Professor Sir Christopher Snowden receives honorary doctorate at City’s January graduation ceremonies
Professor Sir Christopher Snowden was awarded an Honorary Doctor of Science degree (Honoris Causa) by City, University of London in recognition of his outstanding contribution to science and technology and higher education leadership.
The presentation was made during the graduation ceremony of the School of Mathematics, Computer Science & Engineering on Tuesday 29th January.
City confers honorary degrees on those who have achieved international academic distinction or held major leadership roles nationally or globally in its academic subjects: business; law; health sciences; engineering; mathematics; computer science; the social sciences; and the arts, including journalism and music.
Sir Christopher is a distinguished academic, President and Vice-Chancellor of the University of Southampton and an electronics engineer with wide experience in the international microwave and semiconductor industry.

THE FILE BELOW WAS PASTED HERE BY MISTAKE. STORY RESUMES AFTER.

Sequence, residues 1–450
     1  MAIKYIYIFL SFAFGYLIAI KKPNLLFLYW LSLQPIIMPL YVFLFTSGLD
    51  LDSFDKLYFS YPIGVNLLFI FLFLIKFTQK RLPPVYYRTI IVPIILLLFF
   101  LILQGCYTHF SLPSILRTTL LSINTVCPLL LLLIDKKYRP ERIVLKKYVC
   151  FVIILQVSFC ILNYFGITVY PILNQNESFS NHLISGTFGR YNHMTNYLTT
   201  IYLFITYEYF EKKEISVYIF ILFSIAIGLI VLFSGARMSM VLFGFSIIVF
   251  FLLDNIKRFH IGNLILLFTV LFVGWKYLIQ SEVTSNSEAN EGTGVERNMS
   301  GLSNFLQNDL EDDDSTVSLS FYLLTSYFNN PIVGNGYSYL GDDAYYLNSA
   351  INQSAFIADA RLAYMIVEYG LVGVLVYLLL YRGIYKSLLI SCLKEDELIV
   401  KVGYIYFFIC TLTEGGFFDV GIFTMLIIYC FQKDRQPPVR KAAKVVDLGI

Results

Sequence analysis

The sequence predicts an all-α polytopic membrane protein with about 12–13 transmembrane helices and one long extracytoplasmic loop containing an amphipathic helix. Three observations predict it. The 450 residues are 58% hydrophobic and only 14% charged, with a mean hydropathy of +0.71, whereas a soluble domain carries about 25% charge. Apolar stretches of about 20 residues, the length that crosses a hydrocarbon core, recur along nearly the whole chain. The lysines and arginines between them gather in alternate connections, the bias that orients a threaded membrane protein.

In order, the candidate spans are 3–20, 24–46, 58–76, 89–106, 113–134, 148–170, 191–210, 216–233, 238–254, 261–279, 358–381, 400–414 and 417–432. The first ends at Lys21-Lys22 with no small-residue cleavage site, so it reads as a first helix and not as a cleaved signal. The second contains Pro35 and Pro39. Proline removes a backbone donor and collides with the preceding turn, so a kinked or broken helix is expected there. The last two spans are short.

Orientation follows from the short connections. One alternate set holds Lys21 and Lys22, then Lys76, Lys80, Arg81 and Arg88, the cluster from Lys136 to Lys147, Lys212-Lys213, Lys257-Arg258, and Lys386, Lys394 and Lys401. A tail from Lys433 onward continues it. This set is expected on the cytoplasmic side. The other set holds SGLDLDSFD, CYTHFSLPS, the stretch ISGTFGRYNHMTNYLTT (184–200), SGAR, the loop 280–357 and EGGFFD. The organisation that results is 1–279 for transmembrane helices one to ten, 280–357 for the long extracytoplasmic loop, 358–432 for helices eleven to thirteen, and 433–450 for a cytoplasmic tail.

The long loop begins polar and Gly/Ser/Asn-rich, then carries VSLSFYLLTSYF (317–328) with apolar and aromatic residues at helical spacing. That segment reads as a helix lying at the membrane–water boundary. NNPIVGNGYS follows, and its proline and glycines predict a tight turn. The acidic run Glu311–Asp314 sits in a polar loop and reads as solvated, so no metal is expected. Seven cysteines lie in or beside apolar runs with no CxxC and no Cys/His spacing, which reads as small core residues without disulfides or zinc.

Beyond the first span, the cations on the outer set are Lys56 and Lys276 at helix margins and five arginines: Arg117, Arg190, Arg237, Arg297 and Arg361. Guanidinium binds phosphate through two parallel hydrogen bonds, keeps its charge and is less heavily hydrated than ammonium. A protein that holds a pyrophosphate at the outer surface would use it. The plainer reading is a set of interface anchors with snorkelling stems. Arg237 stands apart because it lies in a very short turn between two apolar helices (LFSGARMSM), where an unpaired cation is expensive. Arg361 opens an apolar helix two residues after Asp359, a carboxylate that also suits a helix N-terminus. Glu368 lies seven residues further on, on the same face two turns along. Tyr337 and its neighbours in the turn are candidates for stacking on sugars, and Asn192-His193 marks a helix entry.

After receiving his award Sir Christopher urged graduands to be relentless in pursuing their goals.
He also advised graduands to distinguish themselves from others:
In order to succeed it is important to differentiate yourself and have skills which others value. Following the pack will not always lead to a desired career.
Sir Christopher was born on 5th March 1956 in Kingston-upon-Hull.
From an early age, he enjoyed making things and understanding how they worked. His parents sparked his interest in electronics by giving him a valve radio which, being a budding engineer, he immediately took apart.
Semiconductor and microwave technology
He studied electronic and electrical engineering at the University of Leeds, gaining a BSc in 1977, and an MSc and a PhD in 1982. His PhD examined microwave oscillators for novel radar applications and semiconductor device modelling. His further ground-breaking research in the area later led to him being awarded the international IEEE Microwave Prize, only the second UK citizen in 60 years to receive the recognition, followed by a Fellowship of the Royal Society.
Sir Christopher was awarded the Royal Academy of Engineering’s Silver Medal in 2004 for his “outstanding contribution to the UK microwave semiconductor industry” and received the 2012 Outstanding Career Award from the European Microwave Association.
He was President and Vice-Chancellor of the University of Surrey until September 2015 and President of Universities UK from 2013 to 2015.